There is a question to be raised about AP. Why is this curriculum being developed for a very small stratum of students and why are we not talking about how the study of African American history, Black life in general, is taught in public school? That is a larger discussion to have. I'm all for it.
Kai Wright: Let's go to Fred in Minneapolis. Fred, welcome to the show.
Fred: Thank you. I'm just lifting and really enjoying the conversation and I just spoke with one of your teammates about I'm working with my kids which are middle school kids and we are delving into the west and the notion that cowboys were typically white which was not the case. Going with after enslavement the development of cowboy culture and the second syllable on that word, cowboy how derogatory term that was.
Then with that pushback that the original horse experts were really coming up from Mexico with the Spanish and indigenous people and just the misrepresentation that's out there, the absent narratives that we don't hear.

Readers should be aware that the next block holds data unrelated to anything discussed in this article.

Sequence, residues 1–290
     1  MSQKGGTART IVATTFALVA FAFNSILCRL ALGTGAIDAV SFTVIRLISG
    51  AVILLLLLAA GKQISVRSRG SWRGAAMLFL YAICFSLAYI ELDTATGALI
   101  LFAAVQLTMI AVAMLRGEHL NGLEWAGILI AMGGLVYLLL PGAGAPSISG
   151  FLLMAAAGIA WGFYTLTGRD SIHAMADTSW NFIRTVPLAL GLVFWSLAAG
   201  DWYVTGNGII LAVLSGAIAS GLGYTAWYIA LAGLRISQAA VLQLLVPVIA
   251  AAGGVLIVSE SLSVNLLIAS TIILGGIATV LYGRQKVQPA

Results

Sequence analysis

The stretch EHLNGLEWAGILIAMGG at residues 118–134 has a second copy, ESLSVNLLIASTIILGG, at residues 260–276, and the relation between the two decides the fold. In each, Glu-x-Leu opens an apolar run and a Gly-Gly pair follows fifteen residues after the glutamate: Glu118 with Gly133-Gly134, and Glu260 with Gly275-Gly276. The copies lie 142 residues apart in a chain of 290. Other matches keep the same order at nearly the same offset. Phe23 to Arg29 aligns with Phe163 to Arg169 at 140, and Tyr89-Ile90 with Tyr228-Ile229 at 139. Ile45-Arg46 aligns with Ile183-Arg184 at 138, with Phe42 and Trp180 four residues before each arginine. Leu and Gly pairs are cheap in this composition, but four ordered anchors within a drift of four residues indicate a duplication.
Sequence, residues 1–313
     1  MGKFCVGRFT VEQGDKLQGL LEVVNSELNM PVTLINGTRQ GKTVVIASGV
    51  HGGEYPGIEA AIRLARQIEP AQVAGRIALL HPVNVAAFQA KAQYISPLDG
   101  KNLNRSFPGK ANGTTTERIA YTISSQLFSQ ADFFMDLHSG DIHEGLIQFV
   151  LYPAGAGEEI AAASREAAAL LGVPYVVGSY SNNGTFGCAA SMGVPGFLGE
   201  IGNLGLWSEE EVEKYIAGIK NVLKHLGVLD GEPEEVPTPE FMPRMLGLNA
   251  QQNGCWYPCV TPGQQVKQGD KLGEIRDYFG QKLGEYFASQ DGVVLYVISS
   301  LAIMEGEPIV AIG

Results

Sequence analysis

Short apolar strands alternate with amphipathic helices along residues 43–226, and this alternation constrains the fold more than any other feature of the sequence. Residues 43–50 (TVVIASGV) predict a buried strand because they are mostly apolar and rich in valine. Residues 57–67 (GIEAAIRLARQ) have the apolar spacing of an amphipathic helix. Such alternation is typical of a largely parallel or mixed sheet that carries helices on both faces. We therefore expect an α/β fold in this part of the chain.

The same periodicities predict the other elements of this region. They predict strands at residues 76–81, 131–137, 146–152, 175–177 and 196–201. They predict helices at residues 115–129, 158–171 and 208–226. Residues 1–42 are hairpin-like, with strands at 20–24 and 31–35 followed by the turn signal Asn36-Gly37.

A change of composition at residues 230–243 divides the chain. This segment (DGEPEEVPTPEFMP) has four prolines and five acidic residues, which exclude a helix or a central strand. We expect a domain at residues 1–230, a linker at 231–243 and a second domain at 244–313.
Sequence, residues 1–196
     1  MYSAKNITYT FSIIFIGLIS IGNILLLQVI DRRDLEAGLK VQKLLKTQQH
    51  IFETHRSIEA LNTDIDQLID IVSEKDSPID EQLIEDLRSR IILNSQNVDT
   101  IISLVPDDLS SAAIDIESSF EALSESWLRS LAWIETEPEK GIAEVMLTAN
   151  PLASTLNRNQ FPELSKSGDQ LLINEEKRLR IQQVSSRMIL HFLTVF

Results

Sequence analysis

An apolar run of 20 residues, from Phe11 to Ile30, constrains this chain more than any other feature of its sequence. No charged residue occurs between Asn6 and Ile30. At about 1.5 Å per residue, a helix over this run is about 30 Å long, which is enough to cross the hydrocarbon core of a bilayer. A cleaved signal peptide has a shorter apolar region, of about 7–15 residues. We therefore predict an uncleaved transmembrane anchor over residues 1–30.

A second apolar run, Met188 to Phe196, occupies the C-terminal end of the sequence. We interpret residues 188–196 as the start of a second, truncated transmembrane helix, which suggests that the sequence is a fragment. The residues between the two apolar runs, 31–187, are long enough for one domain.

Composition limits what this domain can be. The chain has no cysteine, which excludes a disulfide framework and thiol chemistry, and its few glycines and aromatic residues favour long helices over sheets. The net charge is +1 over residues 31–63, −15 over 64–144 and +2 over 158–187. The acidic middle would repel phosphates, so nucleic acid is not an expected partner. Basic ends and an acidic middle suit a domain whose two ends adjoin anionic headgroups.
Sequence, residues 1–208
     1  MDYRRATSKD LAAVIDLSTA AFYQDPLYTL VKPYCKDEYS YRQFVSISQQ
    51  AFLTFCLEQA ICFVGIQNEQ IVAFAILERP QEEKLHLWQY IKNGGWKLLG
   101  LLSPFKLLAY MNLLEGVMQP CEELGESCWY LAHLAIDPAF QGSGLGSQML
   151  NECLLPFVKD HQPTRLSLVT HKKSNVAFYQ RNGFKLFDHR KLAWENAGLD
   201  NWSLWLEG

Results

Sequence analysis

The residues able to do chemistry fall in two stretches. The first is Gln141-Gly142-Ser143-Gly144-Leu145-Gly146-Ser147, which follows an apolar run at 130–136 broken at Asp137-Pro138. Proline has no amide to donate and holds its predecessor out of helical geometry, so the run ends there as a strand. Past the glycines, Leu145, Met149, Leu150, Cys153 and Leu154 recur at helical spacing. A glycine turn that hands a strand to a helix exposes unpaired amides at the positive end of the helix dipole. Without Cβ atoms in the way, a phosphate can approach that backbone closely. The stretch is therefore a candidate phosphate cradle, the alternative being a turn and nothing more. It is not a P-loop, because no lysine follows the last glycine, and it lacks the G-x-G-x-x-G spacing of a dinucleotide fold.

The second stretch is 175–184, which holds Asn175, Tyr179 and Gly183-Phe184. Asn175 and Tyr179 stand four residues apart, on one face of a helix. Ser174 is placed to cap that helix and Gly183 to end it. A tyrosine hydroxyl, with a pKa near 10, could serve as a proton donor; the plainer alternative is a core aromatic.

Kai Wright: Thank you. Thank you very much, Fred. Absent narratives that we don't hear, I'm going to use that to segue into Hammer & Hope because we're running out of time and I've not saved enough time to talk about the magazine. Speak briefly to Fred's point about the absent narratives that we don't hear in education and why we don't hear them.
Keeanga-Yamahtta Taylor: I think that there's a history of student radicalism, student activism, in the United States. That's how we got something like Black studies, African American history, in the first place and it's empowering for students. They want to know about where they come from and who they are, and how they got here, and more importantly, they want to understand the circumstances in which they live and how those developed.